Falls are a major cause of injury and even death in the elderly. More than 33% of patients over the age of 65 years old will fall at least one time in the course of a year, and 50% of those people will experience recurrent falls. A shocking two thirds of deaths caused by falls in the US are patients over the age of 65. A major risk factor for serious falls are balance disorders, and combating these disorders with physical therapy to improve lower extremity strength, balance, and proprioception can reduce the frequency and severity of falls.

Eldery Couple


Researchers in the Department of Rehabilitation of the Eulji Hospital of the Eulji University School of Medicine in Seoul and the Department of Biomedical Engineering in the Keimyung University in Daegu, among others, are working on a novel physical rehabilitation system. It’s a three-dimensional, interactive augmented reality system (3D ARS) that works on improving the function of the lower extremities and strengthening balance in elderly patients. The system integrates the familiar structures of physical therapy and motor learning with AR technology, including high-resolution motion capture, several physical and virtual objects, and interactive computer graphics and sounds.



Microsoft Kinect

Microsoft’s Kinect detects and tracks the patients’ movements and interactions with virtual objects, generating a “depth map” that allows objects and individuals in front of it to be detected in the 3D space. Kinect can also determine the position and angle of the joints so they can be easily assessed using a “skeleton” image generated from the user’s depth map. The system has the patient complete three tasks: the “balloon game,” in which a patient strengthens their hip flexion and internal and external hip rotation by trying to cause a falling balloon; the “cave game,” which encourages flexion and extension of the knees while the patient tries to avoid virtual objects in a cave; and the “rhythm game,” designed to enhance the patient’s balance and ability to stand on one leg by stepping on specific locations that appear on the floor. Each one of this tasks is focused on a different exercise and a different set of joints.


Eighteen patients between the ages of 55 and 80 years old with a Mini-Mental State Examination (MMSE) score ≥25, capable of walking independently and standing on one leg, were recruited for this study. The Berg Balance Scale (BBS) and the Timed Up and Go (TUG) scores were tested before and after the patients completed the AR Program. The patients were asked to complete 10 sessions, each 30 minutes in length, for 4 weeks.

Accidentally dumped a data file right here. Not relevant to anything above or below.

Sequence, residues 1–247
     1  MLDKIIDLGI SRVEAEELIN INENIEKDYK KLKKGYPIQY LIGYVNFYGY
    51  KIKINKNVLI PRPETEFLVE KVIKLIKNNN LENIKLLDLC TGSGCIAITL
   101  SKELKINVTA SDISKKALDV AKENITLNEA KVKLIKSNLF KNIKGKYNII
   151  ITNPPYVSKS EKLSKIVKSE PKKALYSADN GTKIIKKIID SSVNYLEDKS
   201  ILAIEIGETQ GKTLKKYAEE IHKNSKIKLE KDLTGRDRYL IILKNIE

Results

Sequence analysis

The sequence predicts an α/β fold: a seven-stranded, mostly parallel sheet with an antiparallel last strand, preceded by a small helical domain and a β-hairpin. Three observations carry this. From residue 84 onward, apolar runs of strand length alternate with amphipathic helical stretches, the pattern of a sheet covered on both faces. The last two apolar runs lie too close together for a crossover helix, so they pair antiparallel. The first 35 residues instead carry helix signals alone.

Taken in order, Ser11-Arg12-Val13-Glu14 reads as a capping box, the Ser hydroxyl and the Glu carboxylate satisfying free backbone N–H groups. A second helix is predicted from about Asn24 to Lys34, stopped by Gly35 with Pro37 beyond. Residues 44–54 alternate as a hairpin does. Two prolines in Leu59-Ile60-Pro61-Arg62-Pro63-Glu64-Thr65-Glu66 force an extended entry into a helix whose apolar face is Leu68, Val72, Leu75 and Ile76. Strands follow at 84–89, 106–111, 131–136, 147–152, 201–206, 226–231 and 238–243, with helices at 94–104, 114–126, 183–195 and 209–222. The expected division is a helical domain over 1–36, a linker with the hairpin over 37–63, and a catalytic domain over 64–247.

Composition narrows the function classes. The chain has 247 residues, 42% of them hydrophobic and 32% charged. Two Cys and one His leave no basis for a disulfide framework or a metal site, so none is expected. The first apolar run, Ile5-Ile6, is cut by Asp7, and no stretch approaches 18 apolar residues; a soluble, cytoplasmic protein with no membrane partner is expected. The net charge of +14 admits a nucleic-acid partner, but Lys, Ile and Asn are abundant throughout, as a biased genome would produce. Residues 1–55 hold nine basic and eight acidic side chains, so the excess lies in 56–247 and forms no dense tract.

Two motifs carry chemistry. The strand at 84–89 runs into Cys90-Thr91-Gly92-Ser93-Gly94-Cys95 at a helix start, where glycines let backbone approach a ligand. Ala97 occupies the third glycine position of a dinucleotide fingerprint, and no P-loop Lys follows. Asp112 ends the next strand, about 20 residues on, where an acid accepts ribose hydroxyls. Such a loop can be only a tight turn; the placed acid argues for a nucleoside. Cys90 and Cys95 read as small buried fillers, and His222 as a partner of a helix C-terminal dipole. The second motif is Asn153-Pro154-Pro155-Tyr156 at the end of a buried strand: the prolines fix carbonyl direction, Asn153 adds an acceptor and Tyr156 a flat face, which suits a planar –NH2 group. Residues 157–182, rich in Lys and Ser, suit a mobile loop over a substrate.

The results? The Augmented Reality program’s patients demonstrated a significant clinical improvement in lower extremity balance and mobility following the sessions, as indicated by improved BBS and TUG scores (p<0.001). Other outcomes, such as success rate and response time for each exercise, also improved. The level of participant interest increased as well (p<0.001). It is also worth noting that every participant completed the program without any reported adverse effects.

Portrait of confident trainer and senior customers showing thumbs up at healthclub



With as prominent a problem as falls are, medical professionals are constantly trying to find ways to decrease the likelihood of falls for the elderly, allowing them to be more independent and overall healthier. Many studies are being performed as we speak to improve the quality of life for all people of all ages who have mobility issues. Certainly, if you follow ARinMED, you’ve probably heard a few stories similar to this one, but we believe that each new positive result is more exciting than the last, pushing us forward toward a future where AR is used in all sorts of medical fields. AR has possibilities far beyond just gaming (not to say we’re not excited about that, too, because we are!)

We at ARinMED are always looking for the newest and most exciting advancements in line for this beautiful new discipline in medicine, and we want to hear from you about new ideas and discoveries. Share your thoughts about this study, or tell us something you’re excited about in the comments section!


Source: https://www.ncbi.nlm.nih.gov/pmc/articles/PMC4496518/pdf/arm-39-462.pdf


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